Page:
Tuesday, November 24, 2009


So I heard a rumor that it's someone's birthday today, but I just can't remember who... haha. Dad, thanks for the helpful hint (or seven). Mom, happy birthday!

I hope it's a great day and that you realize how much everyone who knows you loves you. You are a great example of charity and service. Honestly, where would I be without your help? No Eagle Scout. No high school graduation. No practical knowledge of any sort. Likely no common sense. I'd be sleeping all day and eating Cocoa Puffs in front of the tv all night. (That doesn't sound too bad...)

But really, I owe so much to you. Thank you for always being there for me and for teaching me so much. I wish I could send a present or something. Once more, happy birthday! Everybody else - I hope you're making it a great day for Mom.

Not too much new stuff to report this week. A few things, though. We gave talks yesterday in Sacrament. It was a pretty fun opportunity. We had a day's warning and each talked for about 10 minutes or so. The theme was missionary work (what a surprise!). I talked about Lehi's vision of the tree of life and how after he had tasted of the fruit, the first thing he wanted was that his family could do the same. When he saw them by the banks of the river, they looked confused and lost. So he called out to them, pointed and waved and everything, and they came over and joined him. I mentioned how it didn't take too much work on Lehi's part for the faithful members of his family (Sariah, Sam, and Nephi) to partake of the fruit - all he had to do was open his mouth. It's the same thing with the missionary work that we can all do as members. The Lord has prepared people to receive the gospel. With them, all we have to do is open our mouths and say something, and they come eagerly. In D&C 123 it talks about those who search for the truth but don't have it simply because they know not where to find it. As members, we've received so many blessings from being part of the church, and we should take the opportunities that come to share that happiness with others. Anyway, that was the gist of it. Pretty fun.

Also, we had a ward FHE Saturday night. We gave the message (about how to have a Heavenly Home here on Earth), and then we had refreshments and played... Fruit Basket? Here it's "coctel de frutos." That game where you run around and switch chairs and generally have a lot of fun. And it was - the whole night was a lot of fun, and we had some investigators come too, which was cool. Good times. :)

Last night we talked with a man named Guadalupe. We contacted him a couple weeks ago and decided to stop by again, since he had seemed somewhat interested. He's studied the Bible and knows a lot of passages, but that's kind of his downfall - he can't accept anything unless it's concretely founded in the Bible. He also doesn't believe in personal revelation or direct answers to prayers. We did the best we could, bore heartful testimony, and left him with a pamphlet of the restoration. It made me realize that for all his knowledge of and belief in the Bible, without prayer and without a living prophet, it does him no good. I really am thankful for the truths we have, and especially for the opportunity to pray wherever and whenever for the help, guidance, and comfort that we need. Faith really is the foundation of the gospel of Jesus Christ.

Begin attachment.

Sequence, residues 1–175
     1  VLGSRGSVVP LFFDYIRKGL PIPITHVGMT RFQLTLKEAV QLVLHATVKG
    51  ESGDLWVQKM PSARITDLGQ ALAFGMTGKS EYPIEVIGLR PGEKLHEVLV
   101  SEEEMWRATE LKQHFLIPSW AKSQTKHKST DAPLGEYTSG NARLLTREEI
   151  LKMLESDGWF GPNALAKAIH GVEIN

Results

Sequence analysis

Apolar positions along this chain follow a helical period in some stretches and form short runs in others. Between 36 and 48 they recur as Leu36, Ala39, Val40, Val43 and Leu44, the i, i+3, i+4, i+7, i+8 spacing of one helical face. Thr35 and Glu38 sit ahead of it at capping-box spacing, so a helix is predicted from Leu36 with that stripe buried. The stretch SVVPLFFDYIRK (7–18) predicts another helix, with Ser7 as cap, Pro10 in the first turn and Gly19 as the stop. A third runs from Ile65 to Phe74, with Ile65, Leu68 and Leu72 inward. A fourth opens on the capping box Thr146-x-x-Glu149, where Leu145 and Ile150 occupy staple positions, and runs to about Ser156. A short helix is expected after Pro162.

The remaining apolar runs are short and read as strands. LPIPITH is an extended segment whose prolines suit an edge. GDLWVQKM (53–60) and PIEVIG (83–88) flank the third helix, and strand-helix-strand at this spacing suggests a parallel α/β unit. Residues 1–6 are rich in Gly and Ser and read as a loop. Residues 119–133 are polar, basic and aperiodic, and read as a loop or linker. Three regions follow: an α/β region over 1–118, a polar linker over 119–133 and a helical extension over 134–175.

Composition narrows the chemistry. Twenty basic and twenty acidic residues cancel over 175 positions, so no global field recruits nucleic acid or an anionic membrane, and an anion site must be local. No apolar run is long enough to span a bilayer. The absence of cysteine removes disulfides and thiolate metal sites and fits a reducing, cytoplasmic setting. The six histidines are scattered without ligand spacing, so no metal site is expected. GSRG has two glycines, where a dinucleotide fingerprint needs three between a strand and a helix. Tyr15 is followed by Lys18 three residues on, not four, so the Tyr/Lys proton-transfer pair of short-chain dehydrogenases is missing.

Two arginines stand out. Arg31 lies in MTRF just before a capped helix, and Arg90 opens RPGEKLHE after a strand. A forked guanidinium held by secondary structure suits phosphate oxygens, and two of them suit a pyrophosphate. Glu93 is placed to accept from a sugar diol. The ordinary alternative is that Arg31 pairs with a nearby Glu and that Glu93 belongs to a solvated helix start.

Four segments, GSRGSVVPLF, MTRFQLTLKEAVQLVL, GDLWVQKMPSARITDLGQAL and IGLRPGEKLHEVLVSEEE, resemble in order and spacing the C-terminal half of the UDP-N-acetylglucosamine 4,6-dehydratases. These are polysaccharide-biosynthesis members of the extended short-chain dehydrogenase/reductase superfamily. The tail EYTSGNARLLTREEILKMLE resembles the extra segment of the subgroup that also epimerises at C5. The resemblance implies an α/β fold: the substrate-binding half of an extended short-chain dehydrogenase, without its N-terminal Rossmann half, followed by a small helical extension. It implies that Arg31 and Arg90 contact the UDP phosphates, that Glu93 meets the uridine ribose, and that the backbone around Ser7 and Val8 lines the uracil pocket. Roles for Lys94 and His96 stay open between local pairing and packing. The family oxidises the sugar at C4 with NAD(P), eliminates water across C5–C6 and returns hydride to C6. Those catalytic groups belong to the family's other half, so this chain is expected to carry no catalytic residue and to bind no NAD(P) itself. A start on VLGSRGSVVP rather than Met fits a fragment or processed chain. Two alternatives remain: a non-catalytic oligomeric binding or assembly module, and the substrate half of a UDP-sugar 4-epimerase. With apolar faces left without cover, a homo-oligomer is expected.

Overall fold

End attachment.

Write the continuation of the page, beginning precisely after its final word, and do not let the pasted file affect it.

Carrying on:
This week is week 6 - the last week of this transfer. I doubt I'll be changing areas, though. The trend in the mission has been 3 or 4 transfers in the same place for most missionaries. I hope I stay here longer - I really like the area, and we're starting to really get things moving. Who knows though - I'll know by next week!

Two other random things from this week.  I know I'm supposed to be separated from the world, but we were at a member's house the other day, and Seinfeld was on, turned up loud, and in English. I didn't watch, but couldn't help overhearing, and it made me laugh just to hear that show in english down here. Second thing. An RM in the ward told us that down the road, in one of the evangelical churches (there are dozens), they like to take popular songs and Christianize them (Coldplay, the Killers, Green Day, etc.). He didn't know any of the songs, but I thought that was interesting and kind of funny.

Okay, so let me answer the questions and respond to what you said last week.

Gabbie (first the best of all!): Sounds like you've been having lots of fun making your Christmas list. I remember when I was your age and a little older than I would cut out pictures from magazines and make my list and everything. It was pretty fun, I thought. Nikka's up to her same old tricks, huh? Barking at nothing. Haha. Keep trying to make her speak. Teach her to say "Elder Greer." That might be easier than teaching Reagan, who knows. :) I had totally forgotten about the haunted house decoration! Haha I remember how Reagan loved it so much. That's really cool that he remembers it and everything. Sounds like it's been super cold there! 30 degrees? You said you can see your breath, and you were also right about me being able to see my sweat. Haha. During the day it's not terrible... well, okay, sometimes it is. Sometimes we're out on the street contacting in the hot sun and humidity for a couple hours and I start melting. But otherwise we're inside (usually with fans blowing) or walking around and moving and stuff, and sometimes a nice breeze kicks up, and then it's not so bad. I'd love to be in Utah right now and feel cold again. :) Well, Gabs, take care of everyone this week. You're the man of the house now. (Huh?) Make sure everyone's being nice to you. If they're not, give them a smack and tell them I said, "Knock it off!" :) haha. Let me know how school and everything's going, okay? I hope you have lots of fun this week. I love you very much. :)